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AMA, State Medical Societies Join Class Action Lawsuit Against Cigna

Analysis  |  By Jay Asser  
   September 13, 2022

The groups allege the health insurer underpaid claims submitted by patients for services covered through MultiPlan.

The American Medical Association (AMA), as well as the Medical Society of New Jersey and the Washington State Medical Association, have joined a class action lawsuit against Cigna alleging underpayments for claims through the MultiPlan network, the nations' largest third-party network.

Originally filed in June by Cigna members, the lawsuit takes issue with the health insurer's reimbursements at its non-participating providers rate instead of a rate for a MultiPlan contract when services were received from a participating provider. As such, Cigna members were "exposed to the threat of balance billing," the lawsuit states.

The plaintiffs argue that MultiPlan contracts prohibit providers from billing patients for the difference between the original charges and the discounted rates, which Cigna is responsible for.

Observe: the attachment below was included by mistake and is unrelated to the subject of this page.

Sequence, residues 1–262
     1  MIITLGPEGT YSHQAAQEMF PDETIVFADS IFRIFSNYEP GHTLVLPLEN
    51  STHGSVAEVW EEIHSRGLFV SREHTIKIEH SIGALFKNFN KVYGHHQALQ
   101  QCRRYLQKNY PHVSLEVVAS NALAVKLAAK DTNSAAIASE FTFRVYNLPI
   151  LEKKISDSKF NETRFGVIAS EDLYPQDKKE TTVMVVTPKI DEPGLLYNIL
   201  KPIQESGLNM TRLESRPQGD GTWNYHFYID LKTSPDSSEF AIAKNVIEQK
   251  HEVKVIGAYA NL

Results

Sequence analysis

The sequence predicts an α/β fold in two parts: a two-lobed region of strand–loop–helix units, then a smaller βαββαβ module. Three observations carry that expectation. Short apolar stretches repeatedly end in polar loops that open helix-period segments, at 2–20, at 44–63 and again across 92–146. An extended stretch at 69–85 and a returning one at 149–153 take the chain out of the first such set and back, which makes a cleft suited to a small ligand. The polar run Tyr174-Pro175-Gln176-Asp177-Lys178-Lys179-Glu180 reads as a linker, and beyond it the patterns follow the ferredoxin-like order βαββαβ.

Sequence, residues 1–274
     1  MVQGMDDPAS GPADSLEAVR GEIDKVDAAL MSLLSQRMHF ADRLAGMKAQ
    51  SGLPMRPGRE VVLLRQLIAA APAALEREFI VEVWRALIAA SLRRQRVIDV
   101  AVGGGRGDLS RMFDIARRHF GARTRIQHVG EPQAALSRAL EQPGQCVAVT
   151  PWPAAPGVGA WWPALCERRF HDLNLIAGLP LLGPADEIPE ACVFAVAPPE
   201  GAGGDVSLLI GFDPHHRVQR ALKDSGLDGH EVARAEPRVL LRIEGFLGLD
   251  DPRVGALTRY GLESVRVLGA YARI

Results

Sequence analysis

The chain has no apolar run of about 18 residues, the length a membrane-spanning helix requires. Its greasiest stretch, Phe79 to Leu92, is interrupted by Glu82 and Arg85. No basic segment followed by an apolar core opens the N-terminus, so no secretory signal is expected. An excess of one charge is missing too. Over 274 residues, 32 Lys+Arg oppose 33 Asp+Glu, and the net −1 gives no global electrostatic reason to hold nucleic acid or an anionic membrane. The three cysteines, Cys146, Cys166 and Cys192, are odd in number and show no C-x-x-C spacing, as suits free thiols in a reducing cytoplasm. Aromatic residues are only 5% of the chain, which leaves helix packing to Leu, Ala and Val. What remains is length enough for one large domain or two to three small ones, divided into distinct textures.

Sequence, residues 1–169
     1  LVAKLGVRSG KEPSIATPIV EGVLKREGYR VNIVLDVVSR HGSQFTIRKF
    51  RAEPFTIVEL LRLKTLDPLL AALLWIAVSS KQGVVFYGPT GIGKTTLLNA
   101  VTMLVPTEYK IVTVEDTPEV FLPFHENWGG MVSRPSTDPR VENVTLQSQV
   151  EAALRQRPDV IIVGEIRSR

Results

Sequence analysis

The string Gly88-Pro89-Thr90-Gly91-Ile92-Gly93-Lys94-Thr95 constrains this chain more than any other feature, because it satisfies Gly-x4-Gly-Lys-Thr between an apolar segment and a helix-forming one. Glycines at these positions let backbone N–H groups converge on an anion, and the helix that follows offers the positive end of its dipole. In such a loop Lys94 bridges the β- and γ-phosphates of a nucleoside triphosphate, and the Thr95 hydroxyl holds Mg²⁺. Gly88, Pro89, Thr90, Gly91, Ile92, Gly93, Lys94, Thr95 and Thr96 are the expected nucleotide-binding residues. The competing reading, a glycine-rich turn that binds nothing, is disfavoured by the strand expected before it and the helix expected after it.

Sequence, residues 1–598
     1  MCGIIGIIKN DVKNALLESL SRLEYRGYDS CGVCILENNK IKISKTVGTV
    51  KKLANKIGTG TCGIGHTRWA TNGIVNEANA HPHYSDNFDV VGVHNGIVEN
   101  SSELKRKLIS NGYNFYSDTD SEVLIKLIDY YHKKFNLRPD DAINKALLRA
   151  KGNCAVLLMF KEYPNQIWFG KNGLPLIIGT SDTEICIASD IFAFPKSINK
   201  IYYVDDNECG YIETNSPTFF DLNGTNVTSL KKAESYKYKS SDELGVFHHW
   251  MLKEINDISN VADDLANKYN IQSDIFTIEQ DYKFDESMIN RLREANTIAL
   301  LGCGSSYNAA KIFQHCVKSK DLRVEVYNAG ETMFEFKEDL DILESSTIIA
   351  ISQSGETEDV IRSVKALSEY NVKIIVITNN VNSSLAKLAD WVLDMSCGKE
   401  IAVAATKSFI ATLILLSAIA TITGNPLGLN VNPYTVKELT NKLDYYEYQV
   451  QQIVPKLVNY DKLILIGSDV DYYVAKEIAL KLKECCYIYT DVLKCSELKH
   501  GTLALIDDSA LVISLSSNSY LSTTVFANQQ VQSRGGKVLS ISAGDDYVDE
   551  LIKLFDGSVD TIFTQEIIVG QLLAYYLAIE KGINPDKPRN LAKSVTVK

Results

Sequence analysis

They claim the payer "also breached its fiduciary duties, including its duty to honor written plan terms and its duty of loyalty, because its conduct serves Cigna's own economic self-interest and elevates Cigna's interests above the interests of plan member patients."

AMA president Jack Resneck Jr. criticized Cigna for prioritizing its "economic self-interest" above its commitment to physicians and patients in the MultiPlan Network.

"The AMA and other physician organizations allege that Cigna's misconduct is riddled with conflicts of interest and manipulations that routinely shortchanged payments to MultiPlan Network physicians and interfered with the patient-physician relationship by ignoring the MultiPlan contracts and making incorrect statements to patients about their liability for the unpaid portion of the billed charges," Resneck said in a statement.

"By joining Stewart v. Cigna as a plaintiff, the AMA hopes to shed light on Cigna's misconduct and create remedies so that patients and physicians can look forward to getting what they are promised."

Jay Asser is an associate editor for HealthLeaders.

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